Why was Canada so significant, you may ask? With hindsight, it seems to have been the place from which a sort of clarion call or warning signal was sent to publishers around the world that they could no longer take a secure future for copyright for granted. They couldn’t rely with certainty on its permanence or its persistence in the future. The copyright bedrock of the publishing industry that we all took for granted was suddenly shaking and none of us could predict the consequences of the tremors, though it was clear that in Canada they would be direct, immediate, and have significant revenue implications. And then users of copyrighted works started talking about Canada in interviews and at conferences, saying that 'what’s good for Canadian users is good for us too.' It was around that time I detected a growing interest among publishers at senior levels to understand better what was happening. Suddenly, there was an appetite for news from the copyright front all around the world. That appetite has only increased in recent years.
What happened in Canada was an eruption of something larger that had been rumbling among educators for some time: the belief that copyright had outlived its usefulness and should be eradicated entirely or, at the very least, undermined with wide-ranging exceptions and limitations – and that education should be entitled to copy everything without limits or compensation to rightsholders. The legislation in Canada passed in 2012 (especially when coupled with the Supreme Court’s apparent legal support for such a view) was the most damaging expression of this anti-copyright sentiment. Because this sentiment grew primarily from within the education sector, the consequences for RROs around the world, not just in Canada, were certain to be serious if not potentially devastating because most RROs have depended to a great degree on royalties generated from educational licensing programs.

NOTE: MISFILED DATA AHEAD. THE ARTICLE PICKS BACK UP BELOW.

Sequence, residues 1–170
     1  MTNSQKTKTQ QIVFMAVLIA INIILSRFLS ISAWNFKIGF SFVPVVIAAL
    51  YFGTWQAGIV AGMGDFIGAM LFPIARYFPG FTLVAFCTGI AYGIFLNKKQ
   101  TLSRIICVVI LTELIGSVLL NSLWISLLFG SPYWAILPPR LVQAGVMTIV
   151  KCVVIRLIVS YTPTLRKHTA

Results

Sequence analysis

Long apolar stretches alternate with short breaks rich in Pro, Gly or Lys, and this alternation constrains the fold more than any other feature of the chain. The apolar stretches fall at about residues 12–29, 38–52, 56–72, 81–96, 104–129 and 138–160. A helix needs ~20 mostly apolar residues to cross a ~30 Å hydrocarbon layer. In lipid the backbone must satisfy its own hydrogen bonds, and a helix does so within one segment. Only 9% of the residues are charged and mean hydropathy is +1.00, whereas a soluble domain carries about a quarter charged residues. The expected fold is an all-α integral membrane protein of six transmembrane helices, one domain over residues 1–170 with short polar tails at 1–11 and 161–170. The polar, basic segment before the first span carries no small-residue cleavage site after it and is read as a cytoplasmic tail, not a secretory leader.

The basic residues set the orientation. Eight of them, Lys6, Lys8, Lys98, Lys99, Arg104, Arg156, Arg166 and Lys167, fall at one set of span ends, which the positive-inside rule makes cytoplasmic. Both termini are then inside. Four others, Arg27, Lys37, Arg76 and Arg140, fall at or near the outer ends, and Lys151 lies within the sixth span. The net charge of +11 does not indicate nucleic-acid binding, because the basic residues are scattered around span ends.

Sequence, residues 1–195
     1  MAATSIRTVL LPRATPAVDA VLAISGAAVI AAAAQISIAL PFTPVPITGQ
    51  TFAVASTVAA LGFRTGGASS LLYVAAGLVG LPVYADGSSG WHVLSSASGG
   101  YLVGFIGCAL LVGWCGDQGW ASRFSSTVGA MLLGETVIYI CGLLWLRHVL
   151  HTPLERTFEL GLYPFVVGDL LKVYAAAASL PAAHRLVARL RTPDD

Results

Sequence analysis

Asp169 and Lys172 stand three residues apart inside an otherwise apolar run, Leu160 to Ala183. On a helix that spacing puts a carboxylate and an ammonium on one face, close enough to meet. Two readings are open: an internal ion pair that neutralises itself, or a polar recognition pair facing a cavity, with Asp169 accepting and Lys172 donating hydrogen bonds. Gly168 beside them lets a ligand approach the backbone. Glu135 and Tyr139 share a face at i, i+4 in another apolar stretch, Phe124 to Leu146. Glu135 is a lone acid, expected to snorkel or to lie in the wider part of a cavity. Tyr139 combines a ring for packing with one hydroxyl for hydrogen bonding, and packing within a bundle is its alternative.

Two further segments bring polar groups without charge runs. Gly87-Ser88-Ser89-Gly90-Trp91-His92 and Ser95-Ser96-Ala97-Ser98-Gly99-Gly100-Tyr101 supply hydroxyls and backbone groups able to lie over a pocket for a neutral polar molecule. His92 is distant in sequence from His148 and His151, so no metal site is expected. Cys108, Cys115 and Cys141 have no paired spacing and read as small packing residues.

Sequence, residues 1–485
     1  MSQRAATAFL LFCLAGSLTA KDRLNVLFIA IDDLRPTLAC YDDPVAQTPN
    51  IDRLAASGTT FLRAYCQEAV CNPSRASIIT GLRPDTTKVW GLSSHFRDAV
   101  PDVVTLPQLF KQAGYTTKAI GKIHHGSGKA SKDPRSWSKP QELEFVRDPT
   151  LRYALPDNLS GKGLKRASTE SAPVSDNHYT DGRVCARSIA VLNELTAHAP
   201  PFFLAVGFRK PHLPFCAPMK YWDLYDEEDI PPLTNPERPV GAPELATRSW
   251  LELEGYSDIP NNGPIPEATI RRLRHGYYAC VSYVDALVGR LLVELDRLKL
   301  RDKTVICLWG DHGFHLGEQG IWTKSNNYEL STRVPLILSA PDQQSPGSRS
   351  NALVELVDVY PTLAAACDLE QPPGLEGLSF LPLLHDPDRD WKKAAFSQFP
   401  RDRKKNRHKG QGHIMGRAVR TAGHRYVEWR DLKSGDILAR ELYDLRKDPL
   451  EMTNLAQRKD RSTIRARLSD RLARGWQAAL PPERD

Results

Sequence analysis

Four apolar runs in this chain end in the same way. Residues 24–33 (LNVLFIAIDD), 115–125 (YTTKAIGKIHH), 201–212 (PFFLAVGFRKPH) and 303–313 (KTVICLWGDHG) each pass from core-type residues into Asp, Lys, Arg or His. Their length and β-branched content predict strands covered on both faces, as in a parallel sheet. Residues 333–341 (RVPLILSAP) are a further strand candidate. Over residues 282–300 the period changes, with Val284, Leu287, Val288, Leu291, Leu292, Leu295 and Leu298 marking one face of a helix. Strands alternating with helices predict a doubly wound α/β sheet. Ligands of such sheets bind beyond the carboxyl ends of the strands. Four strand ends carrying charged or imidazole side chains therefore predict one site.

Copyright Clearance Center is something of an outlier in this respect because historically our licensing revenues have primarily derived from our success selling copyright licenses in the business sector. What we saw in Canada was an early warning signal of a trend we are now seeing in many other places around the world. Fast-forward to 2018 or 2019, and the conditions that led to those very hostile developments in Canada started to appear in most other countries that derive their copyright legislation and jurisprudence from England (South Africa, Australia, Singapore, and the Irish Republic, like Canada, all incorporate the English concept of “fair dealing”). Suddenly, what seemed to have been an isolated case geographically in Canada was just the start of a chain reaction around the world. The RRO in South Africa, DALRO, and many stakeholders in South Africa, such as the International Publishers Association (IPA) and authors’ organizations, have been putting up a spirited resistance to very similar legislative recommendations there. Legislation was passed in both houses of parliament in South Africa earlier this year that would substantially undermine copyright protection in the academic sphere, and possibly elsewhere as well, and everyone expects President Ramaphosa to sign the new copyright legislation into law (although there is no clear time limit for him to either sign the bill or return it to Parliament for revision or refer it to the Constitutional Court for assessment). If he signs the bill, we may see an appeal lodged with the Constitutional Court but no one can predict at this stage the likelihood of such efforts being successful. If it does proceed, we anticipate this new legislation will be very damaging commercially for publishers and authors in South Africa as well as for the local RRO.